A U.S. jury on Wednesday ordered DuPont to pay $5.1 million to a man who said he developed testicular cancer from exposure to a toxic chemical used to make Teflon at one of its plants, according to a DuPont spokesman.
It is the second time jurors in Ohio federal court have found against DuPont, which is facing more than 3,400 lawsuits from residents who say they contracted one of six diseases linked to perfluorooctanoic acid, known as PFOA or C-8, which is used to make productssuch as Teflon non-stick cookware.
Following a five-week trial, jurors deliberated for less than a day before finding DuPont was negligent and awarding $5.1 million in compensatory damages to David Freeman, an Ohio resident who said he developed testicular cancer from his exposure to C-8 in drinking water.
The jury also decided that DuPont had acted with actual malice, a finding that exposes the company to punitive damages, the amount of which will be determined at a proceeding starting Thursday.
A DuPont spokesman declined to comment. While DuPont is the named defendant, a recent spin-off of its performance chemicals segment, Chemours Co, will cover its liability.
A spokeswoman for Chemours, Cynthia Salitsky, said the verdict will be appealed. To the extent DuPont claims indemnification for the verdict, “Chemours retains its defenses to such claims,” she said in a statement.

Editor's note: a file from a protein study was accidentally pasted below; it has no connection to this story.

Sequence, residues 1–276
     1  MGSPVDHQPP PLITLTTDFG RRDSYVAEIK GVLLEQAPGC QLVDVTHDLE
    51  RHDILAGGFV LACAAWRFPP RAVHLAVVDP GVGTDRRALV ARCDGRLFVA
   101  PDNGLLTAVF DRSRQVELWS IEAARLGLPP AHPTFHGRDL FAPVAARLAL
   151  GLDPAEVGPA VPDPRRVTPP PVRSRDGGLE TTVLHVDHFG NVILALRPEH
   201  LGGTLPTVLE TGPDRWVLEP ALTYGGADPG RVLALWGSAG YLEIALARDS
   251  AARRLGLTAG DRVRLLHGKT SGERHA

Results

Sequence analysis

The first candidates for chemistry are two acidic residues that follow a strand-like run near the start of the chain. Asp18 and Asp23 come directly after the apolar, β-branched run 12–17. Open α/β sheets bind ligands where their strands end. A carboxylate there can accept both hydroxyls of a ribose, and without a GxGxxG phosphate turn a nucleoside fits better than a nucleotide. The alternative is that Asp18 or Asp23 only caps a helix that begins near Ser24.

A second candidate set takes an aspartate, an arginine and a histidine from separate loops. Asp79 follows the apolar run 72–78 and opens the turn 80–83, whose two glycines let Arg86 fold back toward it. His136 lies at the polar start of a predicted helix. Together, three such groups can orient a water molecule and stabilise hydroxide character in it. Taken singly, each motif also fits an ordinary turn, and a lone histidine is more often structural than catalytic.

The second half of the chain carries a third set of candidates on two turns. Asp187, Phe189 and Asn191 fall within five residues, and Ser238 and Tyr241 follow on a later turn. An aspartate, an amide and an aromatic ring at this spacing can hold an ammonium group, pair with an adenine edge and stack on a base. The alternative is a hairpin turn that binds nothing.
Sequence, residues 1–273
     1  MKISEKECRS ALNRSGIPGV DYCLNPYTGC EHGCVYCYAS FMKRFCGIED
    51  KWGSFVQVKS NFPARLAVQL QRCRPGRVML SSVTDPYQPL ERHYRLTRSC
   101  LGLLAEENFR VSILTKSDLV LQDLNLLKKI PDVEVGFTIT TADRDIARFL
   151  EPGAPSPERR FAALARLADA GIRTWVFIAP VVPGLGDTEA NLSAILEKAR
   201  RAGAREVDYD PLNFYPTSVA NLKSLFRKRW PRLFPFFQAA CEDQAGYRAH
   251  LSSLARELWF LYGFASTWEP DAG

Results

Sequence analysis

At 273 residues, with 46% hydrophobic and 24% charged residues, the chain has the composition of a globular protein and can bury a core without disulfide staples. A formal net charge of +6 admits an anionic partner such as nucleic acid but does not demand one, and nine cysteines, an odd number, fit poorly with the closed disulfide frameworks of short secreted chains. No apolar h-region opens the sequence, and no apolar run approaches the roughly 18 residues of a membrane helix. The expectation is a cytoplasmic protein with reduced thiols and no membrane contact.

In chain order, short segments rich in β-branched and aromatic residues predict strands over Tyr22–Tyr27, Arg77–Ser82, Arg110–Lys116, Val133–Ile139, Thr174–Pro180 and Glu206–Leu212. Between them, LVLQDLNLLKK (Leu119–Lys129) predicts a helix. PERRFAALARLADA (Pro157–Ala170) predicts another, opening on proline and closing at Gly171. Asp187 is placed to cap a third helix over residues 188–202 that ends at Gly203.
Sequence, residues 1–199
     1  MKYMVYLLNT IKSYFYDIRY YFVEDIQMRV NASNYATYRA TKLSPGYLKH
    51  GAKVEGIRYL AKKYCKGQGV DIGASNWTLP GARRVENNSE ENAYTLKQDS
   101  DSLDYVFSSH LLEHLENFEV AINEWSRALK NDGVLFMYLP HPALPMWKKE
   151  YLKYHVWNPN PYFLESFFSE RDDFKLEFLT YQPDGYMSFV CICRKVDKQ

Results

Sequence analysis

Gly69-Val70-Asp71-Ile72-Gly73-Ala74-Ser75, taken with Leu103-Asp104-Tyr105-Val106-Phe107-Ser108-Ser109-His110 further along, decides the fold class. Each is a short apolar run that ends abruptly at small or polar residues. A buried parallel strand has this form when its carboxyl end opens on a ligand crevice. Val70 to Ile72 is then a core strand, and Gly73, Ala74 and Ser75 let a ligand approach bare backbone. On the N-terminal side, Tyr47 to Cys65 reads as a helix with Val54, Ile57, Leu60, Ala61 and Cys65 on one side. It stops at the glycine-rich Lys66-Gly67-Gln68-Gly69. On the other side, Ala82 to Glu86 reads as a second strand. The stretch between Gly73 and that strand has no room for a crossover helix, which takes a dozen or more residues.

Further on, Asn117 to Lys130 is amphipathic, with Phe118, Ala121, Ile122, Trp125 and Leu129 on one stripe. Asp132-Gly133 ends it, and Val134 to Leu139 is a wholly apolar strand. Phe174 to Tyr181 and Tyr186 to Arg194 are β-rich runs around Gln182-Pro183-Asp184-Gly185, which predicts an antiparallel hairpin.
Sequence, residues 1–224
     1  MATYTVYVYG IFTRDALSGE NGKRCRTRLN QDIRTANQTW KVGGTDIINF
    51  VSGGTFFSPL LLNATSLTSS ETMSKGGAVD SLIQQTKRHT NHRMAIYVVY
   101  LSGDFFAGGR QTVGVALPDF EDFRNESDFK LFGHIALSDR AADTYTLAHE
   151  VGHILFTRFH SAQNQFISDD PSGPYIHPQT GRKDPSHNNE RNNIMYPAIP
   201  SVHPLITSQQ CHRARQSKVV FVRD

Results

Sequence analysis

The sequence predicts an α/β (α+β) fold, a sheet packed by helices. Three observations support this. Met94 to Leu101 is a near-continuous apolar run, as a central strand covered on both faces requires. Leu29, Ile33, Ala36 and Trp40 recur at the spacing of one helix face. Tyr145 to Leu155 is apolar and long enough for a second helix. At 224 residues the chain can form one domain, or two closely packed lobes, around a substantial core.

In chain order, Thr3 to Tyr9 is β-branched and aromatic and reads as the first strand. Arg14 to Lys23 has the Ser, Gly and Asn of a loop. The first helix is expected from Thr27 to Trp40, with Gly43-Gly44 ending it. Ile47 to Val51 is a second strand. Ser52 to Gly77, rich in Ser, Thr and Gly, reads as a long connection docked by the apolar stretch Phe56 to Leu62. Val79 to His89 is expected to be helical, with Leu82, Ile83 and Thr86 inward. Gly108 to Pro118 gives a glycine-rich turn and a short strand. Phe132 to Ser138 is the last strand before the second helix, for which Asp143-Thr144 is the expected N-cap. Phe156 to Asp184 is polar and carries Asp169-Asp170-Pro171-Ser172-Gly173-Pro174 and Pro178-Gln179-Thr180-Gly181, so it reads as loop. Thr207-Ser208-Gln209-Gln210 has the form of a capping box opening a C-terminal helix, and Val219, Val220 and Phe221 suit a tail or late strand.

Lawyers for Freeman did not immediately return a request for comment. The trial was a so-called bellwether, the verdict of which is intended to help the companies and plaintiffs value remaining cases alleging similar facts.
The first trial over C-8 exposure resulted in a $1.6 million verdict and no punitive damages last year.
Chemours shares closed down 22.5 percent at $5.93 in heavy volume. DuPont shares ended down 1.8 percent at $61.85 per share.
By Jessica Dye
France has launched an offshore green hydrogen production platform at the country’s Port of Saint-Nazaire this week, along with its first offshore wind farm. The hydrogen plant, which its operators say is the world’s first facility of its type, coincides with the launch of another “first of its kind” facility in Sweden dedicated to storing hydrogen in an underground lined rock cavern (LRC).
The project sets up the Hydrogen Valley in Rome, the first industrial-scale technological hub for the development of the national supply chain for the production, transport, storage and use of hydrogen for the decarbonization of industrial processes and for sustainable mobility.
At first glance, hydrogen seems to be the perfect solution to our energy needs. It doesn’t produce any carbon dioxide when used. It can store energy for long periods of time. It doesn’t leave behind hazardous waste materials, like nuclear does. And it doesn’t require large swathes of land to be flooded, like hydroelectricity. Seems too good to be true. So…what’s the catch?